A little web research indicates that the expression ‘no pain no gain’ has very early origins. As a spiritual lesson: without the pain in doing what God asks, there is no gain; and as an axiom to support early industry (via Ben Franklin’s persona Poor Richard). In my own case, however, these words have come to mean something more related to my physical well-being.
I’ve been working on a painful issue that has made life somewhat miserable for me. I believe the origins of the issue were in sitting too long (yes, I’ve read the articles “sitting is the new smoking”) and in constricted positions. I love sitting cross-legged curled up in my chair and typing away with a kitty on my lap. It’s just plain one of my favorite ways to craft lovely writing and the kitty likes it too!
Still I would do this for hours at a time when I was in that creative zone and letting the thoughts slide through my tapping fingers and onto the screen. So, it’s clear to me that I caused the initial damage, but what happened after, as I tried to heal, is a different story.
I started with massage therapy – a lovely place to start when your hip and inner thigh muscles lock up and you are hobbling upon standing up. No kidding, I am/was looking like a really, really old lady. I’m nearing the mid-life range and not really interested in hopping hobbling that far down the bunny path that fast. I would literally stand up after sitting and be in so much physical pain that I’d have to slowly stand fully upright. My massage therapists – all of them over a year – said the same thing, variations of: “ … be gentle with yourself. Your body needs to heal. Stop if you feel any pain. Don’t go further. Wait. Rest.”
I believed them. I was gentle. I stopped bike riding because it was causing that area to clench and tighten. I stopped the stretches when there was any twinge of pain. I waited.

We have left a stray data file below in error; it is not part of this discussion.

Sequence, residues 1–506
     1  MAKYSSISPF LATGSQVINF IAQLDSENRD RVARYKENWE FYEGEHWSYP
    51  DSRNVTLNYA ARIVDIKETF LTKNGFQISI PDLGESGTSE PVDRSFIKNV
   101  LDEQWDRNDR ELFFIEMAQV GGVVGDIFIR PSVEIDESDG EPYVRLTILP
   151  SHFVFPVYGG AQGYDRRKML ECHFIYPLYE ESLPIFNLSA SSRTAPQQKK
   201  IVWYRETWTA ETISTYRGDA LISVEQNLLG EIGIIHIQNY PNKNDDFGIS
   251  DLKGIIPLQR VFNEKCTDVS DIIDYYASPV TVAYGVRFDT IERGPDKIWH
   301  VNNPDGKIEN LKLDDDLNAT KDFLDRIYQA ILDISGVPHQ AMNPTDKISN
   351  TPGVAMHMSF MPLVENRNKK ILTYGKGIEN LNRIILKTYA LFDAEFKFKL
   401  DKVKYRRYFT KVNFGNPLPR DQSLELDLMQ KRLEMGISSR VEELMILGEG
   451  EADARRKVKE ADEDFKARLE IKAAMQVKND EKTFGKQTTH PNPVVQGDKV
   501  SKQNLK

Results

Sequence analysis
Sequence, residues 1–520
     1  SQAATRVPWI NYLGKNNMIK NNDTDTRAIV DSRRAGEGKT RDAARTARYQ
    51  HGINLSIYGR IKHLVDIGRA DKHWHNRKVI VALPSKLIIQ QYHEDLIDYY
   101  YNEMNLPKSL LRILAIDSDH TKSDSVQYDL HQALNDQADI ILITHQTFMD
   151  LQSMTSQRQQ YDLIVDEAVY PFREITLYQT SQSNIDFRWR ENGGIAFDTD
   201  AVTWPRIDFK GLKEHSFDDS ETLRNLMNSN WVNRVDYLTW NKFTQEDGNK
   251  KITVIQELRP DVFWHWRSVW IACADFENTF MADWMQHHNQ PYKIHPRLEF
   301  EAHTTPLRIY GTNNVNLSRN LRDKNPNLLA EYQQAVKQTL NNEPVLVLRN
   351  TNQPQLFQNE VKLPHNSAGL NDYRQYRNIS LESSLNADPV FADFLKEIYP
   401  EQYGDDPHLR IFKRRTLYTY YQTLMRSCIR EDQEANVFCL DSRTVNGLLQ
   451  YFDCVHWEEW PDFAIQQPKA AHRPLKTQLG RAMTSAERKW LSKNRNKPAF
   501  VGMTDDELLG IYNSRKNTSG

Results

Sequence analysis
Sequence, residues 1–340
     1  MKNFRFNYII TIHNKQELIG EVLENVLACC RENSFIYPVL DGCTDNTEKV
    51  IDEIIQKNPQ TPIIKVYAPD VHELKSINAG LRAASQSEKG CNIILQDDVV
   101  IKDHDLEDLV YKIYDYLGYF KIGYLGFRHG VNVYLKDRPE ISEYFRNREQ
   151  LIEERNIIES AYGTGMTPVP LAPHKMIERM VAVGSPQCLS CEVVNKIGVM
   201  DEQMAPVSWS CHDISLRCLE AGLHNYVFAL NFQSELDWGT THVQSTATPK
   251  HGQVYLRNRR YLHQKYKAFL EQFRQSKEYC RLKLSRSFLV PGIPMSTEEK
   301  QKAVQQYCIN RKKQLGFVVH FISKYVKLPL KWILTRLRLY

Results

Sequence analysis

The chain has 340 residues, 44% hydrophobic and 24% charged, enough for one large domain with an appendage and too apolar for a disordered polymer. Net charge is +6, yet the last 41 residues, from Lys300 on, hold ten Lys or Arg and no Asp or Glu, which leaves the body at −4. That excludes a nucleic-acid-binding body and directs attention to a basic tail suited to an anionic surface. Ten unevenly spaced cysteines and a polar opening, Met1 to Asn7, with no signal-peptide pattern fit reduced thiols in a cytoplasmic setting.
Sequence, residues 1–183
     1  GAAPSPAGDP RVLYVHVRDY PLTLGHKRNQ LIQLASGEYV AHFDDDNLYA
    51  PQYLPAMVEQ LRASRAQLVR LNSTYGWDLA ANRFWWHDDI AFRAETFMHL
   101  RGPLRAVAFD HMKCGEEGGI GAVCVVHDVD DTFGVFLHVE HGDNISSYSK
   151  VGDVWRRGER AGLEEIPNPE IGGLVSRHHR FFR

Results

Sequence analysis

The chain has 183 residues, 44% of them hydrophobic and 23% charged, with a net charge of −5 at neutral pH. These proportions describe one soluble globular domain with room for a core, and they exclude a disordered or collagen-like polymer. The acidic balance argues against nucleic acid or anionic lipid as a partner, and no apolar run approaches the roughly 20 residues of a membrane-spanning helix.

As the pain and stiffness continued to get worse, not better. I added physical therapy and heard the same thing: “… stop pushing it so hard, be gentle, stop when you feel any pain at all – don’t go further.”
All the while, I noticed that I was Not Getting Better. I talked about it with my guy and he noted times when he had locked and tight muscles that he had to push through the pain – no surprise – and I decided finally to go his route to heal.
We are pushing through the pain.
I take the exercises given to me by the physical therapist and I gently push to the limit, wait, then push further. I’m in tears a lot of the time because it really is painful, but here’s the wonder of it – it’s finally getting better.
I take the yoga poses that cause me pain in that area home with me and I move slowly into them to the point of pain, then go a little further, and a little further and I stay in the pose for many minutes and just about the time I’m ready to collapse, I feel that area release. That area will feel warm and tingly after and it is so open that you cannot imagine how good it feels. Does it tighten back up? Sure it does, but every time we start stretching again I start at a more open and less painful place.
Is medical science wrong?
I don’t know – how could I? What I can say, and it’s something I’ve learned and re-learned all my life, is this: we have to find ways to know our own bodies, be honest about what we are doing to and putting in our bodies, and find our own way to health. No medical pro can tell you what that is – you have to find it yourself.
Another thing? I’m completely convinced that the health issue I experienced over the summer is related to this tightness. Want to know how I know that? Because that issue is clearing up slowly and steadily the more I work on this other issue. It’s all related. Unhealthy in one place leads to unhealthy in others.